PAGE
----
Message Management

By Tom Duffy, Network World |  Networking

Electronic design automation firm Mentor Graphics has 65 offices spread among 22 countries, and they're all tied together via 25 servers running Microsoft Exchange 5.5. Tending to such a far-flung network without a comprehensive messaging management tool would be all but impossible.

"I don't know that we've got an office in every time zone, but it's pretty close," says Robert Klohr, Mentor's messaging engineer in Wilsonville, Ore. "Messaging management is critical for us."

Fortunately for Mentor, there are a variety of tools devoted to taming the e-mail beast. While their costs and capabilities vary dramatically, each is geared toward ensuring that traffic moves smoothly and efficiently, whether companies have a single mail server or one in every country.

Messaging management tools monitor the performance of e-mail applications such as Microsoft Exchange and Lotus Notes/Domino. Features range from alerts that notify managers of bottlenecks before they cause system breakdowns to trend reporting and capacity planning.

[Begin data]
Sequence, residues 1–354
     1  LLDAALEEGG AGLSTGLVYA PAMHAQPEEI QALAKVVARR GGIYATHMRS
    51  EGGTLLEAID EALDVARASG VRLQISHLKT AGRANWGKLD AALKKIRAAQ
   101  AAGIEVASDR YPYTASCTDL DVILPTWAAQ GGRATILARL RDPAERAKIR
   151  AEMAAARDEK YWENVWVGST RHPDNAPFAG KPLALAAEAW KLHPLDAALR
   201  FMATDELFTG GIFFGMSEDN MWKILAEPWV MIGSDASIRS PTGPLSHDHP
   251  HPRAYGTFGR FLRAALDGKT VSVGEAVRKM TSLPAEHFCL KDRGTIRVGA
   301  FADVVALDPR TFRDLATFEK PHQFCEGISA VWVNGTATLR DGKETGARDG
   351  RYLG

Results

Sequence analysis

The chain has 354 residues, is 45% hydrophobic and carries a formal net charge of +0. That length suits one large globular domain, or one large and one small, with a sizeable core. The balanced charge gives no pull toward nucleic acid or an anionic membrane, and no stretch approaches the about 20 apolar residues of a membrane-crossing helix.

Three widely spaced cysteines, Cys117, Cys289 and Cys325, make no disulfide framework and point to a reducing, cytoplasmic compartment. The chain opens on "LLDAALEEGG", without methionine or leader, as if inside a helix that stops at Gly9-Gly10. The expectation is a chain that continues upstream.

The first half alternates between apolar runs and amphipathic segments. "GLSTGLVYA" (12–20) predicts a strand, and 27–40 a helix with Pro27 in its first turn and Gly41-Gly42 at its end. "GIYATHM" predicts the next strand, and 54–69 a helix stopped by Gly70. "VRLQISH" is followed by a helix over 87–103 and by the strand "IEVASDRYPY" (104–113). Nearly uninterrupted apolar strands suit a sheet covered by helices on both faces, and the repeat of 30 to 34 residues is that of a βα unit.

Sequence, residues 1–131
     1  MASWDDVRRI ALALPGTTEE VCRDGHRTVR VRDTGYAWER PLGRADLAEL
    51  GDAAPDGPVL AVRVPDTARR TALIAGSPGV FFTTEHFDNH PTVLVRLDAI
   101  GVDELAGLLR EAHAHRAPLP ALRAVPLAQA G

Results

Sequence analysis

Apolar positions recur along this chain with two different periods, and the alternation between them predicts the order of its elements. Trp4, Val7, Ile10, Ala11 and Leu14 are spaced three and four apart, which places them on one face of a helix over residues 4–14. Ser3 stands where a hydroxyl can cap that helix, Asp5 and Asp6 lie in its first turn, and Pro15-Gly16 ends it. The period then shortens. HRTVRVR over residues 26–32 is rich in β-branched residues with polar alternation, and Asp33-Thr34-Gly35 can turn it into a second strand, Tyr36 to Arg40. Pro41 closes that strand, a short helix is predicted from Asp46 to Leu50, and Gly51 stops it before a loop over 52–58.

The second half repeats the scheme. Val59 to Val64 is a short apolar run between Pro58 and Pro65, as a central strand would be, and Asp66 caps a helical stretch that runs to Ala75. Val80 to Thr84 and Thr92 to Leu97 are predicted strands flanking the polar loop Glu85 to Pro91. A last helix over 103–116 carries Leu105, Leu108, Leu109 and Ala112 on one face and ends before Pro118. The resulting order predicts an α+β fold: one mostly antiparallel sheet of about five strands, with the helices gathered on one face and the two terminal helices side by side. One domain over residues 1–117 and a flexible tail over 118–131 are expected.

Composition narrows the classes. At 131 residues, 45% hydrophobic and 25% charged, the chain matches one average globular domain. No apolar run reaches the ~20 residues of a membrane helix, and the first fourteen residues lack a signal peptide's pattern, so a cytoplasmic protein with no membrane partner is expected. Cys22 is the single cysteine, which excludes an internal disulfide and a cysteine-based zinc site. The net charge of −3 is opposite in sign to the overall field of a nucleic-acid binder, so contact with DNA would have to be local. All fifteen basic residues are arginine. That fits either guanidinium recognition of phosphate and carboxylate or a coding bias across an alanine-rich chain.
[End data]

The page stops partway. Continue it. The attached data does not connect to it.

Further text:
While BMC Software and a handful of companies offer products that can be tailored to Exchange and Notes/Domino, most of the roughly two dozen firms in the market concentrate on a single application. The tools are generally priced per seat.

Klohr chose to deploy Quest Software's 2MA, formerly known as MessageWise, which gathers performance monitoring information from Exchange and Notes/Domino servers. 2MA queries Mentor Graphics' Exchange servers from a central location rather than loading monitoring agents on individual servers, which sometimes can drag down performance.

The agentless architecture was the biggest draw for Klohr. "There is no client install on any of the machines," he says. "That was a big plus for us. Limiting the applications that run on that server greatly reduces chances of conflicts or of something breaking something else."

Key considerations

There are a host of issues to consider before selecting a messaging management tool. First and foremost is the depth of information and management capability needed. For some IT managers, the Exchange 2000 management console will provide more than enough information about flow rates and queue length, among other things.

"As more organizations implement Exchange 2000 and Notes R5, they may re-evaluate whether they need all these tools," says David Nelson, a senior analyst with Giga Information Group.

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